The First Letter of John offers a criterion of faithfulness.  He admonishes us to demonstrate our belief in Jesus Christ in action by loving and serving as he commanded.

     This understanding is the foundation for the dynamic metaphor of the vine and the branches tended by the vine grower presented in the Gospel of John.   This figure of a living organism is used to indicate our union with the Redeemer in the Mystical Body of Christ.  The wide ranging variety of clergy, religious, and laity comprise the many and diverse organs functioning in union with the  head to form the Whole Christ, St. Augustine’s apt description of the Church.  Though many, we are one in Christ, each of us filling a God-given, specific purpose in the living organism of human society.

     In this context, what can be said of the religious Brother’s vocation?  Of all the vocations to religious life, the Brother’s vocation is the least understood.  The generality of human society, Catholics and non-Catholics alike, usually catch the idea of what a priest is and what a religious Sister is.  But what a Brother is remains a puzzle to most, especially if they have never known a Brother.  Many think Brothers have failed the test for the priesthood, or have gone only “half-way;” that they washed out of some seminary.  Puzzlement and confusion are common regarding the Brother’s vocation.  One teacher described a Brother as a male nun.  Frequently such people, when speaking of religious vocations, mention priests and Sisters and unwittingly omit any mention of Brothers.  This happens because they do not correctly understand the religious state of life; they do not understand Brothers.  Brothers are much fewer in number, are less visible.   Recall that founders of some great religious orders were Brothers and not priests; for example, St. Benedict and St. Francis of Assisi.  

     When discussing the three states of life, the meaning of marriage and the single life are easily evident.  But to understand religious life as a state of life and a way of life is more challenging, and many lack close contact or conversation with religious.  Some erroneously think all priests are religious.  But the priesthood and the diaconate are offices belonging to Holy Orders, a function of service.   The call of a Brother is to a way of life, not to an office or service.  Like Sisters and Brothers, some priests embrace the religious state and enter a way of life based on a particular spirituality.

     But all Brothers enter the religious state to accept a distinctive way of life in a Church-approved congregation.  All religious -- Sisters, Brothers, and priests -- dedicate themselves to a way of life characterized by the evangelical vows of chastity, poverty, and obedience lived in community.  The vows, common life, and community life are the hallmarks of the religious state.  The works of charity they perform are secondary to being dedicated persons of prayer and sacrifice.  The essence of religious life is being someone consecrated to God, not doing a particular work.  Being is more important than doing.  It is necessary to see the Brother’s vocation as a call to being totally Christ-centered in a particular way of life in the religious state.  This is the distinctive place of the Brother in the life of the Mystical Body of Christ.  Our call from God is to a special way of life, not to a special work.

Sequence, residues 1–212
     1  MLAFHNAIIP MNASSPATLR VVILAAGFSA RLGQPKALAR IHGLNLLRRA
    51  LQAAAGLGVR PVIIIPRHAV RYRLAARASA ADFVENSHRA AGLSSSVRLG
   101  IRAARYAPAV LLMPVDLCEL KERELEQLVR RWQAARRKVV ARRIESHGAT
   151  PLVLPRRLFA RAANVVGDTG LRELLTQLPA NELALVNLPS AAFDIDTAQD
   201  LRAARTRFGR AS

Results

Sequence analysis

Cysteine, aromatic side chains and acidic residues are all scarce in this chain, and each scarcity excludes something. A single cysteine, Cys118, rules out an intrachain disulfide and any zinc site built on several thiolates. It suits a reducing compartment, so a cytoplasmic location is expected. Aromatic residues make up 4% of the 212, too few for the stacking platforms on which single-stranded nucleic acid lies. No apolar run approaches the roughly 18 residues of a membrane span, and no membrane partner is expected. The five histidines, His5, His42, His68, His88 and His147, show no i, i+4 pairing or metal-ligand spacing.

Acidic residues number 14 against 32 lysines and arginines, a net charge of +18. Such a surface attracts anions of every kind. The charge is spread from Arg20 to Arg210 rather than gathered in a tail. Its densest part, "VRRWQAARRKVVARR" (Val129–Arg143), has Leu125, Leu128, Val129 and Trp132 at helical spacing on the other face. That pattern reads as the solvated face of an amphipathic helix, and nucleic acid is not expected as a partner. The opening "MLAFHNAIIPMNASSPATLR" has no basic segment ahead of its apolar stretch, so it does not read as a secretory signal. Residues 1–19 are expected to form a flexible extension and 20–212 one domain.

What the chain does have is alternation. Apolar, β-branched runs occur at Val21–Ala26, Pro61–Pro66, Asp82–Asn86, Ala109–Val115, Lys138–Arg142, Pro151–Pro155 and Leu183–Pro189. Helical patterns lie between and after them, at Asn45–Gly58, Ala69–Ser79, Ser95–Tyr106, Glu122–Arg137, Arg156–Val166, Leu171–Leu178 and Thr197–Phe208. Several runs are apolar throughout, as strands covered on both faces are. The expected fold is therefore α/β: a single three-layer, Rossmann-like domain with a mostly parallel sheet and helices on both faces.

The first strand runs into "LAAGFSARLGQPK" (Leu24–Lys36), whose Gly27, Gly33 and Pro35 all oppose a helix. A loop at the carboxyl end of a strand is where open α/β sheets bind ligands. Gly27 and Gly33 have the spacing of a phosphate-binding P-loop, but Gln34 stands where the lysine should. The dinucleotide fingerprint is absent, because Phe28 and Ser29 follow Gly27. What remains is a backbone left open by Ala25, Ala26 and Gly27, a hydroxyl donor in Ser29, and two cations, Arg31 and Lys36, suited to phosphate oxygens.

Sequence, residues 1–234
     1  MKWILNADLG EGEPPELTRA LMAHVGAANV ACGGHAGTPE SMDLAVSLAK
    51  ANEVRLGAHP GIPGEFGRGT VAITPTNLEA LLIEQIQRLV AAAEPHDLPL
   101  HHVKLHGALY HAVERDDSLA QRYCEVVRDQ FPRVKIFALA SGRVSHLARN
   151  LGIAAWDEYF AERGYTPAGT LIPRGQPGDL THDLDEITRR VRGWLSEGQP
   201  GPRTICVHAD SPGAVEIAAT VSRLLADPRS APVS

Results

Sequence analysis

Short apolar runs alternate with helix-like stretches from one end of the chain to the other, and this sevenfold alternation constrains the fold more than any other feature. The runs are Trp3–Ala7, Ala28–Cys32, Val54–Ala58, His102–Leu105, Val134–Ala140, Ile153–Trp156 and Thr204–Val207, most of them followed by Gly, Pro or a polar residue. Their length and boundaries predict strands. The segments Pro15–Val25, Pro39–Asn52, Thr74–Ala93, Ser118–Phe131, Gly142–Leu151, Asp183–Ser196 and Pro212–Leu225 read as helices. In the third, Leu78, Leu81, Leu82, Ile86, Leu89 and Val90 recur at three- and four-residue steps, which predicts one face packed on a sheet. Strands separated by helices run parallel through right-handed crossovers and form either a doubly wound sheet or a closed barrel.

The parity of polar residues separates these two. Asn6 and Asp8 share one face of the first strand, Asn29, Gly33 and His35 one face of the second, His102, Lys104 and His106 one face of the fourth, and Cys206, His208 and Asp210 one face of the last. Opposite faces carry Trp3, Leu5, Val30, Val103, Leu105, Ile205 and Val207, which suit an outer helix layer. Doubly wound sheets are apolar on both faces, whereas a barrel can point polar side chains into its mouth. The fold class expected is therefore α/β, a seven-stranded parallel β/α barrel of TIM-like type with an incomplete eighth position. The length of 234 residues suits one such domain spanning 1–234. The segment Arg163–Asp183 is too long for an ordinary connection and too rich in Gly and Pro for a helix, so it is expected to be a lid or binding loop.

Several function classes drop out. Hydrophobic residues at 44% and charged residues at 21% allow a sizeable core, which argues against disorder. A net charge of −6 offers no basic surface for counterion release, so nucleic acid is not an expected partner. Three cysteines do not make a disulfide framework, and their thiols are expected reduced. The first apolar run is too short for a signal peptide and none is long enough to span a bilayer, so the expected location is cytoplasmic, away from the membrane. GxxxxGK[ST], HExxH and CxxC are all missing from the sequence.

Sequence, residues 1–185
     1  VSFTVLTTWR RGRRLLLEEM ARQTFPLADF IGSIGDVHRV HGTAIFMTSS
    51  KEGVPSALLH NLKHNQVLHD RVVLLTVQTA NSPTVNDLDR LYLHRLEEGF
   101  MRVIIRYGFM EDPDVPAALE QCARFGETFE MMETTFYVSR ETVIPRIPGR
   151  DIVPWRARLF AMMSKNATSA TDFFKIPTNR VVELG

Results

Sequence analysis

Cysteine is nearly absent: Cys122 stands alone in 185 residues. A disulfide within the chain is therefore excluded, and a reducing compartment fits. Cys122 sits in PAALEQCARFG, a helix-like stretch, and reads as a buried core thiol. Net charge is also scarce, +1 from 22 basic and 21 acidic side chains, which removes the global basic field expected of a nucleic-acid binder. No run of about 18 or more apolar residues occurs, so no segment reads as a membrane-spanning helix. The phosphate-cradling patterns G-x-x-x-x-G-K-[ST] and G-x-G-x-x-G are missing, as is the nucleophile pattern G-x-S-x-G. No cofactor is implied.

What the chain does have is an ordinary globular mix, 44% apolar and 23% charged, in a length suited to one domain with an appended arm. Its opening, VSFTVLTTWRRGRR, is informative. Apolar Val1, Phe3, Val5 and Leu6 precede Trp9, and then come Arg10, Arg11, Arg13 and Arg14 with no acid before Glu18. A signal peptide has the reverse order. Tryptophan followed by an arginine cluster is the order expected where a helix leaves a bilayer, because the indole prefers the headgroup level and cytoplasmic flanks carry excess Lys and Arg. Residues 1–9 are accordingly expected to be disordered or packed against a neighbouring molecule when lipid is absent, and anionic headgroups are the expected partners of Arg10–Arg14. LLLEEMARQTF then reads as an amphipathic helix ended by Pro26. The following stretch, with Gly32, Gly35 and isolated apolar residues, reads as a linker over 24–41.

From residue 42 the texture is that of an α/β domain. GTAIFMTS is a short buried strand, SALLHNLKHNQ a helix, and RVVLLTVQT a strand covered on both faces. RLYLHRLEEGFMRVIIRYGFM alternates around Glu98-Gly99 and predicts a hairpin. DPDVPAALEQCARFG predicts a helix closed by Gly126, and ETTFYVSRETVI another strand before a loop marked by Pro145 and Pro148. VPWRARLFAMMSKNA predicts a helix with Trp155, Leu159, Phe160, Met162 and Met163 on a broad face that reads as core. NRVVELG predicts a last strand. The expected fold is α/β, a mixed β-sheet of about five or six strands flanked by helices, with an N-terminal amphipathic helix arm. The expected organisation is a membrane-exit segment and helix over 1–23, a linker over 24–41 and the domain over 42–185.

It is important to value the religious state as Blessed William Joseph Chaminade, founder of the Marianists, observed: religious life is to the Church as Christianity is to civilization.

     Religious triads like the Holy Trinity and the Holy Family are common in Christian life.  If we liken the priestly and religious vocations to the Holy Family, we Brothers can say, “We are Joseph.”

     For all of us -- lay, religious, and cleric -- Jesus calls us to share his life and to collaborate with him.  He invites us not to imitate his life or to reproduce his life, but to participate in his life.

     We Brothers thank God for the gift of our vocation.  We ask God to make us proclaimers of his Gospel by our holiness of life.

     We continue to wonder who will take our places.  We need to be resolute in explaining more clearly the way of life we have entered, and more active in inviting the young to consider God’s call to serve in the religious state.

     Let us all--- religious and lay branches of the true vine -- glorify God by bearing much fruit as his disciples.  Heeding the counsel of St. Francis of Assisi, let us always and everywhere preach the Gospel, using words if necessary. 


Saturday, January 25, 2014